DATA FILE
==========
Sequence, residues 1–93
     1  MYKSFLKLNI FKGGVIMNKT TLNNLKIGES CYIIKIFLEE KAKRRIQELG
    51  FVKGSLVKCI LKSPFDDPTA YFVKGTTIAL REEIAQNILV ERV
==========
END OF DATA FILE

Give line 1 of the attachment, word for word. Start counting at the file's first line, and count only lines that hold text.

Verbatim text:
Sequence, residues 1–93